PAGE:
Beverly Hills Cop II (1987)

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Released 7-Aug-2002

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Details At A Glance

General Extras
Category Action Main Menu Audio & Animation
Interviews-Cast & Crew
Featurette-Behind The Scenes
Deleted Scenes-With Tony Scott Introduction
Featurette-Music Featurette "Shakedown"
Theatrical Trailer
Rating Rated M
Year Of Production 1987
Running Time 98:43
RSDL / Flipper Dual Layered Cast & Crew
Start Up Language Select Then Menu
Region Coding 4 Directed By Tony Scott
Studio
Distributor

Paramount Home Entertainment
Starring Eddie Murphy
Judge Reinhold
John Ashton
Jürgen Prochnow
Ronny Cox
Brigitte Nielsen
Allen Garfield
Dean Stockwell
Paul Reiser
Gilbert R. Hill
Paul Guilfoyle
Robert Ridgely
Brian O'Connor
Case ?
RPI $29.95 Music Harold Faltermeyer
Keith Forsey
George Michael


Video Audio
Pan & Scan/Full Frame None English Dolby Digital 5.1 (448Kb/s)
French Dolby Digital 2.0 (224Kb/s)
Spanish Dolby Digital 2.0 (224Kb/s)
Italian Dolby Digital 2.0 (224Kb/s)
Widescreen Aspect Ratio 2.35:1
16x9 Enhancement
16x9 Enhanced
Video Format 576i (PAL)
Original Aspect Ratio 2.35:1 Miscellaneous
Jacket Pictures No
Subtitles English
French
Italian
Spanish
Portuguese
Hebrew
Greek
Serbian
Slovenian
French Titling
Spanish Titling
Italian Titling
Smoking Yes, Lots of people.
Annoying Product Placement Yes, Beverly Hills Shops - Cartier, Chanel, others.
Action In or After Credits No

NOTE: The Profanity Filter is ON. Turn it off here.

Plot Synopsis

    In one of the documentaries on the Beverly Hills Cop DVD, Eddie Murphy states that when faced with an original concept Hollywood loves to "go back and try to rehash it". This is very much the case with Beverly Hills Cop II. Following the success of the first film the producers spent some time trying to turn the concept into a TV series. Faced with a lukewarm reception from key cast members they finally decided to make another movie which was released three years after the earlier film.

    Luckily, all of the key cast members were available to reprise their roles. Eddie Murphy returns as the street-smart Detroit cop Axel Foley. Also along for the ride are John Ashton and Judge Reinhold as Beverly Hills policemen Taggart and Rosewood. Once again the interaction between these two is a joy to watch though it is not as well delineated as it was in the first film. Other key figures to return include Ronny Cox as Captain Bogomil (Taggart and Rosewood's boss), and real life detective Gill Hill as Axel's harried supervisor, Todd.

    I won't rehash the plot of the first film here - check out my review of that film for a quick summary. This time around the film opens in Los Angeles as a sleek black limo pulls up to the kerb, a sexy blonde (Brigitte Nielsen) steps out, pulls a gun, and a robbery begins. We cut back to Detroit where Foley is running a complex credit card sting against a criminal suspect. Back in Los Angeles, Bogomil is investigating the robbery which is one of a string of unsolved crimes. He is due to go fishing with Foley but calls off the trip because he thinks he is close to solving the crime spree. It is apparent that Foley has been spending quality time with his old friends from the first film.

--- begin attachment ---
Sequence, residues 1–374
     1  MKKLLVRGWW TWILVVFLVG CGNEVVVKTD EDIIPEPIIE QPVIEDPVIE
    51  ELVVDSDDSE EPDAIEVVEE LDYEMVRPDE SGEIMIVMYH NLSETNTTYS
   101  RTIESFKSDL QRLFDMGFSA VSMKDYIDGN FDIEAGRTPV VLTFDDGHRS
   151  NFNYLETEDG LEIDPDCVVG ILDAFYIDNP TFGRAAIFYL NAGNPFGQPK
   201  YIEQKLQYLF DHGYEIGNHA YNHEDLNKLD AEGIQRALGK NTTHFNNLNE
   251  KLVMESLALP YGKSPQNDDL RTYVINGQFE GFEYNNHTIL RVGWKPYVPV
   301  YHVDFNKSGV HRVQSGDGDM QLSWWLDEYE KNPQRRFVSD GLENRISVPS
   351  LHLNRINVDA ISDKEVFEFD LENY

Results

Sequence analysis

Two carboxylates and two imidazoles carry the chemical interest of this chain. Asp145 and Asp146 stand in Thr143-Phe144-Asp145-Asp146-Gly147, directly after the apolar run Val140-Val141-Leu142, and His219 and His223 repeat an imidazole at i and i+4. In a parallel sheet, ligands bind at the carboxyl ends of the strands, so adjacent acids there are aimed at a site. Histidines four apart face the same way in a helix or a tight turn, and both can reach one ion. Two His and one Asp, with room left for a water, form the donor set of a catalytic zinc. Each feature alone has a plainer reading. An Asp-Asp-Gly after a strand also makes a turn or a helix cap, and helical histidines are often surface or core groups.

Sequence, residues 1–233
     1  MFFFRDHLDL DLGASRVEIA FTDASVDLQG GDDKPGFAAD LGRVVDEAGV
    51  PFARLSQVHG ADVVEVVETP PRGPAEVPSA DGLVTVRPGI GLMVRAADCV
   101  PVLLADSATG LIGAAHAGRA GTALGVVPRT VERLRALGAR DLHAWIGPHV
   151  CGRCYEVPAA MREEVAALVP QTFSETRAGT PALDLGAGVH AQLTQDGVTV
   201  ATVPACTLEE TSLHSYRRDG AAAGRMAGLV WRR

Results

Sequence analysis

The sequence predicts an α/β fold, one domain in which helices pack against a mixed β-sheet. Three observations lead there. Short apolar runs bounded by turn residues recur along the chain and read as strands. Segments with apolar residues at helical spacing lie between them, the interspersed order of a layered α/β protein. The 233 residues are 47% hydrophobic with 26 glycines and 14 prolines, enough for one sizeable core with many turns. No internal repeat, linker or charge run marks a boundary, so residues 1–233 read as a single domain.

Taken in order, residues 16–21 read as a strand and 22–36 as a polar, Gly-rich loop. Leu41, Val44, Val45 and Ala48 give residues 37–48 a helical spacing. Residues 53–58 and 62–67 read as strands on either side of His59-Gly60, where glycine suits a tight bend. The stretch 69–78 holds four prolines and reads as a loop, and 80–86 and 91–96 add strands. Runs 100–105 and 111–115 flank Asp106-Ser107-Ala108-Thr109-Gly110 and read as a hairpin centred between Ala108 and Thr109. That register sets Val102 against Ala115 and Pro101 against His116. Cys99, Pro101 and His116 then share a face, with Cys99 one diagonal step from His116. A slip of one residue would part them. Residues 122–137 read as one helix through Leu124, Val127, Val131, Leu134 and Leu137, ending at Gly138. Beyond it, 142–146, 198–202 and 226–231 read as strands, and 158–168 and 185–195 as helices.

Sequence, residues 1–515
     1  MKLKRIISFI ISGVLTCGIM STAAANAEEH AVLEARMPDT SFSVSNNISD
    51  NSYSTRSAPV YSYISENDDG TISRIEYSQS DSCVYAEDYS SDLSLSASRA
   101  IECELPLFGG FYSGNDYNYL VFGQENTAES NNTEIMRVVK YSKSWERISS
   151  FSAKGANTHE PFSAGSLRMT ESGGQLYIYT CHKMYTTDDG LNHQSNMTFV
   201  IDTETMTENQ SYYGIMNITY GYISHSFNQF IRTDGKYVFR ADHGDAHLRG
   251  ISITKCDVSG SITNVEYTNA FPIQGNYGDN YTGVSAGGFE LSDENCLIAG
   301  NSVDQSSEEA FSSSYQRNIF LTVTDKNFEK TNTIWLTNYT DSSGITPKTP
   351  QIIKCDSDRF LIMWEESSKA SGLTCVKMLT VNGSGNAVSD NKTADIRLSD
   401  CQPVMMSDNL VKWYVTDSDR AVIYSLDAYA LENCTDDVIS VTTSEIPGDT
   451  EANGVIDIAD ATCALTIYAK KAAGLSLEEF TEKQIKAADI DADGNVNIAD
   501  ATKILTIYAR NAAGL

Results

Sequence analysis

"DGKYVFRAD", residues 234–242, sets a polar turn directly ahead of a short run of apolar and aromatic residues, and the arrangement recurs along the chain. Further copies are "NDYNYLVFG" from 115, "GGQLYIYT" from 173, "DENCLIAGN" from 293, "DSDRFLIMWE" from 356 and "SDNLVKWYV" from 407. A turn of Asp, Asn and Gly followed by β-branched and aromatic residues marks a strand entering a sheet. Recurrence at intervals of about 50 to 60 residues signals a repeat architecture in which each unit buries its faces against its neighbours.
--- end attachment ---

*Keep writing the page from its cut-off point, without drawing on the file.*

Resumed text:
Back in Detroit, Todd is running out of patience - in response to Foley's suggestion that he smells a breakthrough in the credit card case he shouts "All I smell is your b******". Meanwhile, Bogomil is gunned down by the crooks (who are nervous that he is getting too close to them) and Foley contrives a way to head out to Los Angeles to track down those responsible. He enlists the aid of Taggart and Rosewood and the three begin to bend a few rules to solve the case. In reacting to this bending of the rules, the script is overly fond of melodramatic 'end of career' threats. I know it is only a film, but surely policemen are not threatened with the sack every single time they get something wrong. In this film we have suspensions, demotions, sackings and threats seemingly every few minutes.

    I apologise for presenting a rather convoluted plot summary, but that is the way the film is. It has a confusing and contrived storyline, as if the writers (one of whom was Eddie Murphy) could not come up with a way to sensibly bring the disparate parties back together again. The focus of the film has also shifted as a result of a new director being at the helm. The director of the first film was Martin Brest, who was apparently more comfortable with the comic elements and character development of the first film. This time the director is Tony Scott, who notes that he is more comfortable with action scenes than with comic moments; so that we now have an Action film with elements of comedy, which sits rather uncomfortably with the three leads who seem keen to inject as much comedy as they can. Scott has had a mixed career; while he directed the excellent Crimson Tide, he has also been responsible for a number of films which stress style over substance (including Top Gun and Enemy of the State) - Beverly Hills Cop II is also a noisy piece of action fluff.